• The kind of documents you will be asked to submit include Articles of Incorporation, Corporate minutes, or other documents which identify the share holders, managers and officers.[19]

Part 3
Submitting the Application

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    Gather all the documentation. Once you have gone through all of the requirements you need to gather up your materials and make sure you haven't left anything out. Your state's DMV will most likely be able to provide you with a checklist so you can ensure that you haven't missed anything before you go ahead with the application.[20]
    • Don't skip through final checks which could save you time and money in the long run.
    • You can download some checklists online, but be sure you have information that is specific to your locality.[21]
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    Complete the forms. Once you have all the information and all the additional documentations you need to complete all the original application forms. It may be easier to do this after you have fulfilled all the other requirements as that process would have helped you gain a very clear picture of your business. Learning through gathering all the extra information will help demystify some of the application form questions which may be a bit baffling if you go into them immediately.
    • Note that some forms will need be to notarized, or will require you to pay a fee. Be sure you have checked this out and fulfilled all the requirements in order to avoid wasting time.[22]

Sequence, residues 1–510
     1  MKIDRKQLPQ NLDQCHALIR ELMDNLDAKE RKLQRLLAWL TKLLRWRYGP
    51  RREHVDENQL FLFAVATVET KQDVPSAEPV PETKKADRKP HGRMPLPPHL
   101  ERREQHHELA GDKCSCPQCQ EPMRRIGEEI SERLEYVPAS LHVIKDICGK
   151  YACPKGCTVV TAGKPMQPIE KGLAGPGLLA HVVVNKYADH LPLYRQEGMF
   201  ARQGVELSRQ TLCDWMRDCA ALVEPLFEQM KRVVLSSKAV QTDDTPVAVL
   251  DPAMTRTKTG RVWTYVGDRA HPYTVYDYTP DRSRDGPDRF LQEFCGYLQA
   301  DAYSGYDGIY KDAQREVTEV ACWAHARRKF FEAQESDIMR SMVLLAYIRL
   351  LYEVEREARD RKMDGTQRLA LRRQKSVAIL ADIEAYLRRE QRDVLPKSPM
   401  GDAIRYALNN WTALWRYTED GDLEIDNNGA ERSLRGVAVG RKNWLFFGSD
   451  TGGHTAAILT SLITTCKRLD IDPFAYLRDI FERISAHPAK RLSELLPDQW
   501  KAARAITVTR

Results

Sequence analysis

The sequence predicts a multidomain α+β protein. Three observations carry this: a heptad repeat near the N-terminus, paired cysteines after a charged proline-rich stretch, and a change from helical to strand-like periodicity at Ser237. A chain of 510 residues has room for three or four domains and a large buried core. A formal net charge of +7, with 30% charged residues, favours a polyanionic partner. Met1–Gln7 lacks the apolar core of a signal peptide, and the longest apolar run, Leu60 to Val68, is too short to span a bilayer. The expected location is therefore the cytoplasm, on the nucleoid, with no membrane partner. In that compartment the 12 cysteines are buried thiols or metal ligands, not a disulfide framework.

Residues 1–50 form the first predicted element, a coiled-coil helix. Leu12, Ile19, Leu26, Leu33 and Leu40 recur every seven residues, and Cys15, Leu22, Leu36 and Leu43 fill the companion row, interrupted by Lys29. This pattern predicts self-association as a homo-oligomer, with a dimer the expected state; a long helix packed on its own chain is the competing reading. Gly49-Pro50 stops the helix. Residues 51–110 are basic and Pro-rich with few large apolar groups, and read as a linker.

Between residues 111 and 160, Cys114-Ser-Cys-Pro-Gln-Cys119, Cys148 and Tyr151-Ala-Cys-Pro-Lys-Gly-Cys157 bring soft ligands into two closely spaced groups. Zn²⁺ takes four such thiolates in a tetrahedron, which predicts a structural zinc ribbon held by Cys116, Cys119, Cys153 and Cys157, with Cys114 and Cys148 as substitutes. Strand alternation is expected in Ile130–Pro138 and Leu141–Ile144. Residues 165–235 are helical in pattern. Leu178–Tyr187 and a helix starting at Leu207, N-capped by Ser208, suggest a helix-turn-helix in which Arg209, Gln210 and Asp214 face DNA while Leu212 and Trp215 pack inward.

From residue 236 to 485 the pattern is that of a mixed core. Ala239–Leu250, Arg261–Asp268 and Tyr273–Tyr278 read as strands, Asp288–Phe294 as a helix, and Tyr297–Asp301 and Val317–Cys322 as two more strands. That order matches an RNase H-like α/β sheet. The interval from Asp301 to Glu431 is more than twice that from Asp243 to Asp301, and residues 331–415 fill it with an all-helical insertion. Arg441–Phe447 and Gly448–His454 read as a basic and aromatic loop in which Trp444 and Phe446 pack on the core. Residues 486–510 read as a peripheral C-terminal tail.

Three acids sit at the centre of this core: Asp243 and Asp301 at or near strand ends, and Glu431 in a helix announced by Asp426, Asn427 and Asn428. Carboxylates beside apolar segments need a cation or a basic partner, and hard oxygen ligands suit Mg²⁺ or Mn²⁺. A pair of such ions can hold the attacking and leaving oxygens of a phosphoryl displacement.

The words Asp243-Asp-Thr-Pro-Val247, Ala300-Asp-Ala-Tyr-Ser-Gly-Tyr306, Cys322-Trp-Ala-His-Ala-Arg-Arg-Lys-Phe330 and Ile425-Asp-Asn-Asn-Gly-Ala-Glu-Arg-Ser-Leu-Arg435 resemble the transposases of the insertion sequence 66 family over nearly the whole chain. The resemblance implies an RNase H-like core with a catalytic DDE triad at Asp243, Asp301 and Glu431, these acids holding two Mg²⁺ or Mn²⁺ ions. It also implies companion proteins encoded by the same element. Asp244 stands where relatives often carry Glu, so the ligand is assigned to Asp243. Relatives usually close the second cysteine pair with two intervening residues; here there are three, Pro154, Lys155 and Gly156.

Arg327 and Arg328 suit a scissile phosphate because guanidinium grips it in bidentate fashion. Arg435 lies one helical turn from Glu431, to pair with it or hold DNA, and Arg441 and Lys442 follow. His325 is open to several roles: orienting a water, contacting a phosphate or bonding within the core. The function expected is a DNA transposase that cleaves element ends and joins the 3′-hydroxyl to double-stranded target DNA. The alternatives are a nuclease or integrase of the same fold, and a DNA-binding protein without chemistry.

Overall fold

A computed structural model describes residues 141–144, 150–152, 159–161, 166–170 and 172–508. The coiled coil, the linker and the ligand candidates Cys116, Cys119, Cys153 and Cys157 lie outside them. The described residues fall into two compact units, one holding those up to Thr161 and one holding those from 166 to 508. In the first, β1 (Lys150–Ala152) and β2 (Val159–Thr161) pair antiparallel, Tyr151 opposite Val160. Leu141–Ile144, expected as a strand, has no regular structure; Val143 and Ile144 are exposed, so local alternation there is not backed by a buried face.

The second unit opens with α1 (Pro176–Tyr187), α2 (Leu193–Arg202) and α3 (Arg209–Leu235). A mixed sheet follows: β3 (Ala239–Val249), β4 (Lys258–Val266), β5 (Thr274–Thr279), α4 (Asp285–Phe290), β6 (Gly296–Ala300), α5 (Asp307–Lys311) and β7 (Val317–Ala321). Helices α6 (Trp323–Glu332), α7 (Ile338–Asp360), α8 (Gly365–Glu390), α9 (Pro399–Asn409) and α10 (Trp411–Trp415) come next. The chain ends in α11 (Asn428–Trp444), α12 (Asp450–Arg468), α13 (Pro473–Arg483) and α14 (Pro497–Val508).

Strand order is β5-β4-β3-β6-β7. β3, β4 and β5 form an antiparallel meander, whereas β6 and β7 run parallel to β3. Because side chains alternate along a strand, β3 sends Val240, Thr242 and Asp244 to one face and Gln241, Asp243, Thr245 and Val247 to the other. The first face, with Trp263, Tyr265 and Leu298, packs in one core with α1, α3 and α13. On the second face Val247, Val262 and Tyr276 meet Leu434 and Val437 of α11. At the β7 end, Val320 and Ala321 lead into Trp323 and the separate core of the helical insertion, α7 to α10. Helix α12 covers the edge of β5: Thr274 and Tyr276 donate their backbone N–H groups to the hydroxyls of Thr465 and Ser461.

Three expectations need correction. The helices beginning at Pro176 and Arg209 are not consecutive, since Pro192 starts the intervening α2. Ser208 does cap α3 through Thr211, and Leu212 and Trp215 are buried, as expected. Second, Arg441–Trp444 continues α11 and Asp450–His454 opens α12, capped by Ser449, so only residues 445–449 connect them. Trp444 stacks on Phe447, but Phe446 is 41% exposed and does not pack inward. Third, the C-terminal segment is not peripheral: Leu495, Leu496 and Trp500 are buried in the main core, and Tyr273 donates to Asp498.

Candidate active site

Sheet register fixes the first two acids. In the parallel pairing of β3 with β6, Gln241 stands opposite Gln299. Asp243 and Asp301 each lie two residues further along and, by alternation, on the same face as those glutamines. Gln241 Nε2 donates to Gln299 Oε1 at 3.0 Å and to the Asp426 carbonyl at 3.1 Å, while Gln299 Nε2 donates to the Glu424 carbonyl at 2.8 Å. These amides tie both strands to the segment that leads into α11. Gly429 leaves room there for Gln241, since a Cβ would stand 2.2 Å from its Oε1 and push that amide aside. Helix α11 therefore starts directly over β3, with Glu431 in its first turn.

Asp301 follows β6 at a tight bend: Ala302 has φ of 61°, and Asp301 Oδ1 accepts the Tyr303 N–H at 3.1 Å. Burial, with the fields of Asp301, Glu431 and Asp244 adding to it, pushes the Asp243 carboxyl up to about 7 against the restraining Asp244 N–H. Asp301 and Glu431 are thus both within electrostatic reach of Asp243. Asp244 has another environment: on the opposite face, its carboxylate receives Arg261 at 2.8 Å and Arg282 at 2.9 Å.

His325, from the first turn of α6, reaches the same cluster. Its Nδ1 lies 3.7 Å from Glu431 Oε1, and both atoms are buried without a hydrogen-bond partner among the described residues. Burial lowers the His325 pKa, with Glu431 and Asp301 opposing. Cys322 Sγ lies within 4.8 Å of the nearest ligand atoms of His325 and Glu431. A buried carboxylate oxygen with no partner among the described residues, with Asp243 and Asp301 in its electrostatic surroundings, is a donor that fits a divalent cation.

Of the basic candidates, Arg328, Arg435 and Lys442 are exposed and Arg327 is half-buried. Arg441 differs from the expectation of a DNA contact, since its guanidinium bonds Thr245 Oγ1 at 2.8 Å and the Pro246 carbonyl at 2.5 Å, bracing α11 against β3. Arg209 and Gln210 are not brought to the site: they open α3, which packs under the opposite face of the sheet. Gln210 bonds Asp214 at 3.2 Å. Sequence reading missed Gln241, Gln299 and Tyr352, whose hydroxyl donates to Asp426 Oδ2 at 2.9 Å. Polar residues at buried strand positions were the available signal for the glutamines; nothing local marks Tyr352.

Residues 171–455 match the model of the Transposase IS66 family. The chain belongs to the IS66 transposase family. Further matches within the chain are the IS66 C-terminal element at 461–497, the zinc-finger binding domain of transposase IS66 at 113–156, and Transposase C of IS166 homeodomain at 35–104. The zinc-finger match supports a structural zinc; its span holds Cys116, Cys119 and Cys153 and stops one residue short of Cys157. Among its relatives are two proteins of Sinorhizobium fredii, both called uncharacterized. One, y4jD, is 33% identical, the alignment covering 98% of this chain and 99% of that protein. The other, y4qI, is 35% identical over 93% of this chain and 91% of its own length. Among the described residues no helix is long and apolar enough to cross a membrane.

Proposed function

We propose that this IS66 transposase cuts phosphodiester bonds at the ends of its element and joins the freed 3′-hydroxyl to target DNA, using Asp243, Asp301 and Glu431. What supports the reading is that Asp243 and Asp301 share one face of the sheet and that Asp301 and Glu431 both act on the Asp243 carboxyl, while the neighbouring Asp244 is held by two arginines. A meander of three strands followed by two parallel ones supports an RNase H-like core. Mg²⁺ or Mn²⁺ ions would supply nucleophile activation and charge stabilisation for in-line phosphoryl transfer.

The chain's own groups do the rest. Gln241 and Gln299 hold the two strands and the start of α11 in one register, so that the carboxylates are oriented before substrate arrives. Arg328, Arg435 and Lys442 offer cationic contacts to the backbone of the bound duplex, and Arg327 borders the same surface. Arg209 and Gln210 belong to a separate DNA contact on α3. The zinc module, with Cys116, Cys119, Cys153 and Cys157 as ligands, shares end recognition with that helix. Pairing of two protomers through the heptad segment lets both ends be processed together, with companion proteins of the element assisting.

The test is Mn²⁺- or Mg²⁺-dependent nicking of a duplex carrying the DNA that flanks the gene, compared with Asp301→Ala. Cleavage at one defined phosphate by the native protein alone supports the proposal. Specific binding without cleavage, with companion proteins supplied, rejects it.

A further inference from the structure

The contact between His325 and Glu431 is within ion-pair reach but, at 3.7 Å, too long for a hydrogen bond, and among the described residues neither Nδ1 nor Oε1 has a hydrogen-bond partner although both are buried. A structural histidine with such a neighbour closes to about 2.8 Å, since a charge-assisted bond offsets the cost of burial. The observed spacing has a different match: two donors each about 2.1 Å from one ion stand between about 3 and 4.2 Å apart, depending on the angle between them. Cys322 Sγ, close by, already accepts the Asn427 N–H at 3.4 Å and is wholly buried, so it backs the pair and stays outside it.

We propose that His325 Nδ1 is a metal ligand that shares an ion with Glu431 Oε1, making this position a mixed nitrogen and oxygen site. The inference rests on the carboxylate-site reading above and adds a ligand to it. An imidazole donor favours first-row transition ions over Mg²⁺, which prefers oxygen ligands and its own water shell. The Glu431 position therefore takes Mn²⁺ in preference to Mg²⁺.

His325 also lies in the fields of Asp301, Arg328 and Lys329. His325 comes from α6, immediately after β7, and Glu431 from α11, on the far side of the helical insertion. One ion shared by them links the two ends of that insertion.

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    Now wait. Once you have submitted everything it is a waiting game. There is unfortunately no fixed amount of time it takes to process your application and again this is likely to vary from state to state. In California it is stated that the processing can take up to 120 days, so you have to be prepared for a bit of a wait.[23]


  • California is the only state that requires a 6 hour pre-licensing class to become a car dealer.
  • Some states have strict laws preventing individuals from becoming car dealers.
  • You need a valid driving license to get a car dealer license.


  • Getting a bond and insurance will be the most expensive part of becoming a car dealer, besides rent.
  • Beware of out-of-state licensing outfits that promise you can sell cars in your state, but are licensed in theirs. It's a misdemeanor crime that can cause you serious problems.

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Categories: Buying & Forming a Business